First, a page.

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Re: How bandwidth requirement could be reduced when using thin clients?

Hi Gavin,

Gavin McCullagh wrote:
Hi Ben,

thanks for your answers.  I'm learning slowly :-)

Snap :)

I think they are.  However, a CF Disk or other small boot media on the
client machine won't solve that.  The applications still have to come from
somewhere.  Admittedly, I would presume you can run more lessdisks type
machines off a single server than you can pure thin clients so a single
server in the school would be more useful in that instance.  However, the
machines themselves will need to be faster.

The CF disk was purely to allow a minimum installation that Owens Thousands of Desktops requires. Sorry, went off on a bit of a tangent.

As for the number of sessions running from a single server, a pure thin client setup needed one for every 20 or so clients. Nymph however could easily allow 50-60 sessions IIRC. The servers were dual Xeons with a gig of ram in each, and the TC's were any machine of a BogoMIPS of less than a thousand.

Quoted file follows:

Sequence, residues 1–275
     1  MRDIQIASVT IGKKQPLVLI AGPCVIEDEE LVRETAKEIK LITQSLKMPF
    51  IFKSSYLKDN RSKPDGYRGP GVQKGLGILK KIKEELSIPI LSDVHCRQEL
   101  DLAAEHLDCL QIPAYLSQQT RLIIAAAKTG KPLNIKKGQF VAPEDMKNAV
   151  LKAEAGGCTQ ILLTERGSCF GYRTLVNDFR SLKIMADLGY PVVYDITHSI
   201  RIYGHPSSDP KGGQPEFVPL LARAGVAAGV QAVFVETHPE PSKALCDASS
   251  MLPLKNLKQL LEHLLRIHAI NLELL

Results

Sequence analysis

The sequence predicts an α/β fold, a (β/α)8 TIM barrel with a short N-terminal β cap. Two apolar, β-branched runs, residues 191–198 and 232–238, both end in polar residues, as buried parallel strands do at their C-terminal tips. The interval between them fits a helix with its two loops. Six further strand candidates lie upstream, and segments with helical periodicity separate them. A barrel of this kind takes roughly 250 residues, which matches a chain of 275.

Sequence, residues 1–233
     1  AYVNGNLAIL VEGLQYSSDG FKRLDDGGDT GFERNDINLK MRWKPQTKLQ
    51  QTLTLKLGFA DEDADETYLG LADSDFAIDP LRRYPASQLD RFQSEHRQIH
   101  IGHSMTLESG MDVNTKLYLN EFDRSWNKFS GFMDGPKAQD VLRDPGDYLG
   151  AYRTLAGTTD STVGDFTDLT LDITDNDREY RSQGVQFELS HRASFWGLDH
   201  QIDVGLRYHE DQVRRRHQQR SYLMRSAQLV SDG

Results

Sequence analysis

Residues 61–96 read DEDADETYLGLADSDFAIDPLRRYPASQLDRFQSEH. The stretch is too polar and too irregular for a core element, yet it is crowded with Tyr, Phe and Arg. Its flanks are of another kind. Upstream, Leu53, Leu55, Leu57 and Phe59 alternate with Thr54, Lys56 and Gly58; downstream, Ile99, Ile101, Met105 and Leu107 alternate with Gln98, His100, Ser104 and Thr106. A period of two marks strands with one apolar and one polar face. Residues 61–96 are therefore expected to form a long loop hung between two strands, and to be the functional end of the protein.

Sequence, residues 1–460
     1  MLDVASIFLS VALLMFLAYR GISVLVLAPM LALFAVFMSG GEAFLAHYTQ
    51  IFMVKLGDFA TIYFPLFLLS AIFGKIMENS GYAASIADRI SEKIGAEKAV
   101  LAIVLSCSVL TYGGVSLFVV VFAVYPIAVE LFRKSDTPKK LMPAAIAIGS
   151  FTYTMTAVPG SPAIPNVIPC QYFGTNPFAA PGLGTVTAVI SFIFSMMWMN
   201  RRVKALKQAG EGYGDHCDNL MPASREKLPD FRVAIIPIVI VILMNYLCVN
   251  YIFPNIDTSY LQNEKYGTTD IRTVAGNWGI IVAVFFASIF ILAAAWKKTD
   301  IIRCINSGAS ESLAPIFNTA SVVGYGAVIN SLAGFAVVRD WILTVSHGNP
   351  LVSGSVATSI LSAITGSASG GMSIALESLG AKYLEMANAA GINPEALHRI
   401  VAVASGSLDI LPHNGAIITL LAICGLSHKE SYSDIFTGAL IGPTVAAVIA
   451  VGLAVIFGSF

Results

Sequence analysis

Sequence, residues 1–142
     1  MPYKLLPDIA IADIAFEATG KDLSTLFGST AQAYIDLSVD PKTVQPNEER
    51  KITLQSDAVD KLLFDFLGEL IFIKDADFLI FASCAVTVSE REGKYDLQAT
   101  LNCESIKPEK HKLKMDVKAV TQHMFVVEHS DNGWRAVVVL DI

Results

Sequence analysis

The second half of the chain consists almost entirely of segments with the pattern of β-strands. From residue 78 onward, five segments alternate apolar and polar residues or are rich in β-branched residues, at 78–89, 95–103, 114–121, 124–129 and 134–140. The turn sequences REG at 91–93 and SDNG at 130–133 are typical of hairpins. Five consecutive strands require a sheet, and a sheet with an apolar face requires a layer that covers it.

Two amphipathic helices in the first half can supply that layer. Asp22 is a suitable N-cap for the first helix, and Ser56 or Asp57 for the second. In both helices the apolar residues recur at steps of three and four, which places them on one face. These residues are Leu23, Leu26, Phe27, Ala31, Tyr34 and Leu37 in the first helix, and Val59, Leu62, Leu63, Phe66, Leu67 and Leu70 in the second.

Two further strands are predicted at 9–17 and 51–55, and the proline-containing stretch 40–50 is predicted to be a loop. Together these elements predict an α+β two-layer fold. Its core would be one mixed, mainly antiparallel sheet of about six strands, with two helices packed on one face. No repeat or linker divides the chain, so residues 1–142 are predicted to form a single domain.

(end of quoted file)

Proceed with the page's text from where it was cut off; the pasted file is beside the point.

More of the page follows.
Does that mean they're not bootable in general?  (I've never used one of

CF is an offshoot of PCMCIA, so long as the machine can pick up and boot off a third IDE channel it should be ok.

So I understand.  Where I am (Dublin) saying we are less fortunate would be
an understatement. ;-)

Of course the teachers claim otherwise, but so long as the Headteacher doesnt grab the money for other projects and its spent wisely most schools in the UK could be in a very good position in regards to IT.

Is it helpful to have CF in a dual boot machine?  Of course if you have any
OS locally installed that's a (at least partial) solution to network
downtime but full local installs are great fun to maintain as I'm sure you

Full local installs of linux arnt difficult to maintain though, once everyone is satisfied with our local installation setup, it'll be maintained and updated with a combination of a NFS apps server and apt4rpm (were using suse 9.1) running as a cron job. Rsync from an ideal client was considered, but judged to be too cpu intensive.


On two occasions I have been asked [by members of Parliament], 'Pray, Mr. Babbage, if you put into the machine wrong figures, will the right answers come out?' I am not able rightly to apprehend the kind of confusion of ideas that could provoke such a question.

Charles Babbage

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